Liquid is then transferred into a conditioning tank, where it sits for another 10 days until it is ready for bottling or to be transferred to a keg.
Besides the finished beer, by-products of brewing include “minor steam” from the kettle during boils and spent grains and hops which Cody plans to remove to a compost pile.
Currently housing Davis Jack’s sandwich shop, Ovedia Artisan Chocolates, and Glow Personalized Skincare, 36 Main St. is a multi-unit building located in the heart of downtown. Cody is hoping to open in unit B-2, a basement location, and has submitted an architectural rendering of the build-out and a site plan review produced by Millenium Engineering in January 2009.
His special permit request is for light manufacturing and accessory retail.
“We produce quality craft beer on a small or micro level,” wrote Cody on his application to the town. “Our primary business is draft but we also bottle. We self distribute.”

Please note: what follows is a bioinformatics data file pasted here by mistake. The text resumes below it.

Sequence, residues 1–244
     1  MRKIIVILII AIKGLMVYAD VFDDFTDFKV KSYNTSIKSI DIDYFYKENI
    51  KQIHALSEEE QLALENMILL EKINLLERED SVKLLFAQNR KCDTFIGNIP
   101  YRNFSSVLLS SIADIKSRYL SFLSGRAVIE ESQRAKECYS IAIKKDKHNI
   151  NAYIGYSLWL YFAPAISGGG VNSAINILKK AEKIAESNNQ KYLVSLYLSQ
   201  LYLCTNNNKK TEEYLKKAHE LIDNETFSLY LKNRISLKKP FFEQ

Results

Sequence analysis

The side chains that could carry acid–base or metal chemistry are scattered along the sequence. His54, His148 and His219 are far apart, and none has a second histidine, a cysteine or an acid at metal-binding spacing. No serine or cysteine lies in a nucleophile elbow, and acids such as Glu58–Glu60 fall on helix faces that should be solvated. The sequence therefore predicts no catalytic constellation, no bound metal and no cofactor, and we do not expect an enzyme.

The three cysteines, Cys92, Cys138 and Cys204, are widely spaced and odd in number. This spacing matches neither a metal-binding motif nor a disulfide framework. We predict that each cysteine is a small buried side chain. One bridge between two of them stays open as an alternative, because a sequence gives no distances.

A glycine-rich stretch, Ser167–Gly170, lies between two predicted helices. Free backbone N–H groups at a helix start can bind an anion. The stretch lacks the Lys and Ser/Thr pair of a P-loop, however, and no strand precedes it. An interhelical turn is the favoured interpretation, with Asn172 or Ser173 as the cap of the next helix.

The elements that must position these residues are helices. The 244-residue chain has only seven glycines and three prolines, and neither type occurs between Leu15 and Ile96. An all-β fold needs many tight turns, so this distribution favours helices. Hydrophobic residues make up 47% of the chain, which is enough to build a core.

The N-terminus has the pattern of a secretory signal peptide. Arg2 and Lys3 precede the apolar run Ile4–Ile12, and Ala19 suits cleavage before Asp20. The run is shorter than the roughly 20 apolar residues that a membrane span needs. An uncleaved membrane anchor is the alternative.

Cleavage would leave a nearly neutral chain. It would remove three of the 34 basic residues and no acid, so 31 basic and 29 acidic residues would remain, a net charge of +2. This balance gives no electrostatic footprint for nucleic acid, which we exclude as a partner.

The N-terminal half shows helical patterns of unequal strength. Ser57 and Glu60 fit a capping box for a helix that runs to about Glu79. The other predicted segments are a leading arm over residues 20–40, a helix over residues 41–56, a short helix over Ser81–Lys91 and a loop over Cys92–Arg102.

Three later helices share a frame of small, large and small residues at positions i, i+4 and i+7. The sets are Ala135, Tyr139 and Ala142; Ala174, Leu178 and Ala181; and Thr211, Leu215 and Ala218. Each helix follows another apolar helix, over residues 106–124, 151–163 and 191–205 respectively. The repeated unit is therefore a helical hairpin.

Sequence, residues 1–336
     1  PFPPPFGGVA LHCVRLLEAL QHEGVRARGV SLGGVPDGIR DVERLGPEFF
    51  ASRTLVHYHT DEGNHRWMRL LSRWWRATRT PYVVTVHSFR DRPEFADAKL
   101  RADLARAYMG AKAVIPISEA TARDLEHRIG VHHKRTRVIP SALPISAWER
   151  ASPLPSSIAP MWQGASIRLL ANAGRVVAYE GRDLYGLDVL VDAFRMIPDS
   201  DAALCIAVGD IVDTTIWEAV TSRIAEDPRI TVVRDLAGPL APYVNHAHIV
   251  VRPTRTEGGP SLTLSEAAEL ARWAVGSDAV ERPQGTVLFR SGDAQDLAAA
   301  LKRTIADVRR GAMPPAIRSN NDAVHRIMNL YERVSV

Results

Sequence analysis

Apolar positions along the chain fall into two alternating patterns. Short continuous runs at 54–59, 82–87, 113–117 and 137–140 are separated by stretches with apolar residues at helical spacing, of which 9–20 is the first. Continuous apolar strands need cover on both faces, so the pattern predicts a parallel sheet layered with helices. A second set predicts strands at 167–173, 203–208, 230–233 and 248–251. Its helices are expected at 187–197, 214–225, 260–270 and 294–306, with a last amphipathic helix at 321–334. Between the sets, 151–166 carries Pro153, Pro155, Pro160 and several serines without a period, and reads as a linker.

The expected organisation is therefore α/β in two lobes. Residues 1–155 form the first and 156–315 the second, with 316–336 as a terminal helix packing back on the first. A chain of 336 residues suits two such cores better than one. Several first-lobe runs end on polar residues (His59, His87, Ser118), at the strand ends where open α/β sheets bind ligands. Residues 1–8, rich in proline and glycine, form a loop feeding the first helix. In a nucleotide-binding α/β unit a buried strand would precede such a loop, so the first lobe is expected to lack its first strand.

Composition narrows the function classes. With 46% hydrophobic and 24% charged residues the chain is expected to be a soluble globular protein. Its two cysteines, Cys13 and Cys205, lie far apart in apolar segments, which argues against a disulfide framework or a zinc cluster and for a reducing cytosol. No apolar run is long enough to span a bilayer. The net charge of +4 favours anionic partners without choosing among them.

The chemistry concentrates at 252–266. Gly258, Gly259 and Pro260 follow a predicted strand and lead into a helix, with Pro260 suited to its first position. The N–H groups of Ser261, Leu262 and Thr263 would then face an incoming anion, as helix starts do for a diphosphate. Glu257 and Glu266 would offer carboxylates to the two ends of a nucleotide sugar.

Brewer’s had his fill of alehouse life – By Ethan Forman
DANVERS â€” A few months ago, Danvers Square’s only alehouse, Cody Brewing Company, shut its doors at 62 Maple St., and the owner intended to reopen it in a nearby space within 60 days.
At last night’s public hearing, it was expected manager Sean Cody would ask selectmen to transfer the beer-and-wine license with the addition of cordials to a new location, just across the street at 81 Maple St., toward the back of Cumberland Farms.
Instead, Cody told the board the popular brew pub, with its flagship “S.O.S.” and seasonal ales, its own T-shirts and weekly fun run, would not be back, at least not with Cody behind the bar.